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Tuesday 19 September 2017 - 21:20:49Posted by Bobby
Mythology of Pegasus
This large constellation north of Aquarius and Pisces adjoins Andromeda. It represents the upper body of the winged horse that, in Greek mythology, sprang from the body of Medusa when she was beheaded by Perseus. The most distinctive feature in Pegasusis the Great Square formed by Alpha, Beta, and Gamma Pegasi, and Alpha Andromedae. The area inside the square is relatively barren, containing no stars brighter than 4th magnitude.
Depiction: The Winged Horse
Highest in the Sky: September to October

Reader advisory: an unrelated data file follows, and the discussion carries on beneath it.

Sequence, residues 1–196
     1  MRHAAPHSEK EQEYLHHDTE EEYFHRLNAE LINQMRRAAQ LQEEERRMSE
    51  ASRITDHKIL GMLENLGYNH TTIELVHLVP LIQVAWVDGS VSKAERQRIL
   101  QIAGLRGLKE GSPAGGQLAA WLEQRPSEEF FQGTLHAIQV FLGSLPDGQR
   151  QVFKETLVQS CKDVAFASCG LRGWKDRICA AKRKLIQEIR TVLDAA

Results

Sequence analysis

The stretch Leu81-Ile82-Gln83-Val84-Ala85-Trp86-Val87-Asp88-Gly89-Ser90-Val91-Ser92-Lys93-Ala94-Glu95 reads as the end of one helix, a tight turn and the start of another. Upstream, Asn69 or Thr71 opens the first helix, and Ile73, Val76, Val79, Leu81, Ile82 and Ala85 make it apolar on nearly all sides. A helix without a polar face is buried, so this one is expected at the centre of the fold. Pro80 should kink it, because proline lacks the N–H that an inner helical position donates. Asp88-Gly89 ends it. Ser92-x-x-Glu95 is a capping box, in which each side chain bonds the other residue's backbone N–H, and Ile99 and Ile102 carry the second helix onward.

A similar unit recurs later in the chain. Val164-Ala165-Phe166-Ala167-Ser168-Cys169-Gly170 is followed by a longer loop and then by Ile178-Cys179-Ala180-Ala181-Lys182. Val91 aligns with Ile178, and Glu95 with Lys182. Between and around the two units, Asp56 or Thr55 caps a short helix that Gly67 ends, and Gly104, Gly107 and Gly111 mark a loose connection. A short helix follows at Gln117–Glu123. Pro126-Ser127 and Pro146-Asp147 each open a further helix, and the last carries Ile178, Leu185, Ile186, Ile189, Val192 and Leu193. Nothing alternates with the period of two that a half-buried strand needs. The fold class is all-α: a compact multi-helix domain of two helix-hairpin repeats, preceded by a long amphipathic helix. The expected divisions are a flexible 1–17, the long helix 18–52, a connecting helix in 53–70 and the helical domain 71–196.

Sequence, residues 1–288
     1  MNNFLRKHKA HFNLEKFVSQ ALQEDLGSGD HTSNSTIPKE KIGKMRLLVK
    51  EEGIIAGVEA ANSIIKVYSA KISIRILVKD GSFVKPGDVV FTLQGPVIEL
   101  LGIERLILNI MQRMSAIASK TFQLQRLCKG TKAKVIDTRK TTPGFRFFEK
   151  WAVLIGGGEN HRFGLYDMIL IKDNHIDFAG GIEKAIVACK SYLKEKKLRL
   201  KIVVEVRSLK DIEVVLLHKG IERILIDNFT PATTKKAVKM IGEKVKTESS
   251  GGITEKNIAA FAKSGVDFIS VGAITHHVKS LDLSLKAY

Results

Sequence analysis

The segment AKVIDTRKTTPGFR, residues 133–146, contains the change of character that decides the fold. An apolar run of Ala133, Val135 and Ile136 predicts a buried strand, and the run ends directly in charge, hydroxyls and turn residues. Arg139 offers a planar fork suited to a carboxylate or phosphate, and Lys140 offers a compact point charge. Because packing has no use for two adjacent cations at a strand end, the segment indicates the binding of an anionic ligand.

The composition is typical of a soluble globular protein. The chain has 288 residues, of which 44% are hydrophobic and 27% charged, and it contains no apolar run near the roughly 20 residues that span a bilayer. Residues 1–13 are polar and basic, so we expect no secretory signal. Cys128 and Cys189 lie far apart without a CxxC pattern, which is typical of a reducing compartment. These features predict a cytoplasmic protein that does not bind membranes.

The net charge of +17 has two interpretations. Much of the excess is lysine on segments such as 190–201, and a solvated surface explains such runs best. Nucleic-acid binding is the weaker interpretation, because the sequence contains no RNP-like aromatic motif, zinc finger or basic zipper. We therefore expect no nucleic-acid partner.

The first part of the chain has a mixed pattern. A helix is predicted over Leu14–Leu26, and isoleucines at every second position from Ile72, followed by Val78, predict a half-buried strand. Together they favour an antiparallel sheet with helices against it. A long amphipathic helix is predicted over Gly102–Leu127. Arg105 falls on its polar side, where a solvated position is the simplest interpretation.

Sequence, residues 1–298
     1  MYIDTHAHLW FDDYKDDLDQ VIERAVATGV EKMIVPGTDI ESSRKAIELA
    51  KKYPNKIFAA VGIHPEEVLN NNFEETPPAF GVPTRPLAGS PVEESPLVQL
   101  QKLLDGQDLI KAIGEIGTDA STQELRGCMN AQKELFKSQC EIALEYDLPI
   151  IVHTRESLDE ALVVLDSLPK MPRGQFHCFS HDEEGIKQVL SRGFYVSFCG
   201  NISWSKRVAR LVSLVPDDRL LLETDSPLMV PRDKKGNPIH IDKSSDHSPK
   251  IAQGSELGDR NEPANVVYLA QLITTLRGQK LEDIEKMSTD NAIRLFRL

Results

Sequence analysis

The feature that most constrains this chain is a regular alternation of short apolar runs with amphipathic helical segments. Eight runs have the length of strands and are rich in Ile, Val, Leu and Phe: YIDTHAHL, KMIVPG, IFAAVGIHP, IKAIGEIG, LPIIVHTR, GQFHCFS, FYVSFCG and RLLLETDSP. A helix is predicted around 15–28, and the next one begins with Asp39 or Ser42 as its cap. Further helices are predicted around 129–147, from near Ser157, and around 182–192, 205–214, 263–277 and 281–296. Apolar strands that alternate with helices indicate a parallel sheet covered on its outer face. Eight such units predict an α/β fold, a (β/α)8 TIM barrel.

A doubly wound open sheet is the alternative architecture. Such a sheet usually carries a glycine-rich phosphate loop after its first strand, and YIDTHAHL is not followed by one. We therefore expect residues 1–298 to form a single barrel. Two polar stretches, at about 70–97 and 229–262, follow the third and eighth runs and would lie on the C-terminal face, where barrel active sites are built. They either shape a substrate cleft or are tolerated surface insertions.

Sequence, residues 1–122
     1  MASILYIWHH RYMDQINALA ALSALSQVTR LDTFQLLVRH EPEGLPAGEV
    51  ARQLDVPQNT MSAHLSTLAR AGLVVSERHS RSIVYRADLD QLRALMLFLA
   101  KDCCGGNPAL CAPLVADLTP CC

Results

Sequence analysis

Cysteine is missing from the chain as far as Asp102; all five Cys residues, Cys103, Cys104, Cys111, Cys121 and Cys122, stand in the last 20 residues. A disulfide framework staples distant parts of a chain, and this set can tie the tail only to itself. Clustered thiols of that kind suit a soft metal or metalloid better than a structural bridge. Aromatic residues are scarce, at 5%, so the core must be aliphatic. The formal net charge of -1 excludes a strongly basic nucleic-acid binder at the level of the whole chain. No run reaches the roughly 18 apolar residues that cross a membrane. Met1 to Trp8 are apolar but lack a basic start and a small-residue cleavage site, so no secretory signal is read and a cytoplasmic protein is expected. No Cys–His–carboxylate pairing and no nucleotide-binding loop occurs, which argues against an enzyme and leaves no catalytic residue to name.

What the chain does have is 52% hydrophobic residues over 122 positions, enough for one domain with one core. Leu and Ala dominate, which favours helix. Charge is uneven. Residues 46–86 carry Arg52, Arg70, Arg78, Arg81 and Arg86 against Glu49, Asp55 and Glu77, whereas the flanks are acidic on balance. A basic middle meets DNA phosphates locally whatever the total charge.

Size Ranking: 7th
Coverage Area: 1,121 Sq. Degrees
Right Acension: 22 hours
Visibility: 90°N to 55°S
M15: Globular cluster
NGC 7331: Spiral galaxy
Stephan's Quintet: Multiple galaxies
Markab, Alpha Pegasi
Scheat, Beta Pegasi
Algenib, Gamma Pegasi
Enif, Epsilon Pegasi
Homam, Zeta Pegasi
Matar, Eta Pegasi
Biham, Theta Pegasi
Kerb, Tau Pegasi
Best Viewed Objects/Stars
A variable red giant that forms one corner of the Great Square. It varies unpredictably from magnitude 2.3 to 2.7.
Epsilon Pegasi (Enif)
A wide double star, which consists of a yellow supergiant of magnitude 2.4 and an 8th-magnitude partner that can be seen with a small telescope or even good binoculars. This star represents Pegasus's Muzzle; its popular name is derived from the Arabic word for "nose."
A globular cluster clearly visible with binoculars or a small telescope and about one-third the apparent width of the full Moon. It lies about 30,000 light-years away.